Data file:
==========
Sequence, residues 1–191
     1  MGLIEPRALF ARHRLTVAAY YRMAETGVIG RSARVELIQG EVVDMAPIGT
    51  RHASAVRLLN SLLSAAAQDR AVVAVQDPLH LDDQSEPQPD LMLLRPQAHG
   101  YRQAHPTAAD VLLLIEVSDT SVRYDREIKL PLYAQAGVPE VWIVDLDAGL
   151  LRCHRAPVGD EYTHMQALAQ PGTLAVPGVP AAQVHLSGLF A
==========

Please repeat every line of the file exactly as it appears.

Sequence, residues 1–191
     1  MGLIEPRALF ARHRLTVAAY YRMAETGVIG RSARVELIQG EVVDMAPIGT
    51  RHASAVRLLN SLLSAAAQDR AVVAVQDPLH LDDQSEPQPD LMLLRPQAHG
   101  YRQAHPTAAD VLLLIEVSDT SVRYDREIKL PLYAQAGVPE VWIVDLDAGL
   151  LRCHRAPVGD EYTHMQALAQ PGTLAVPGVP AAQVHLSGLF A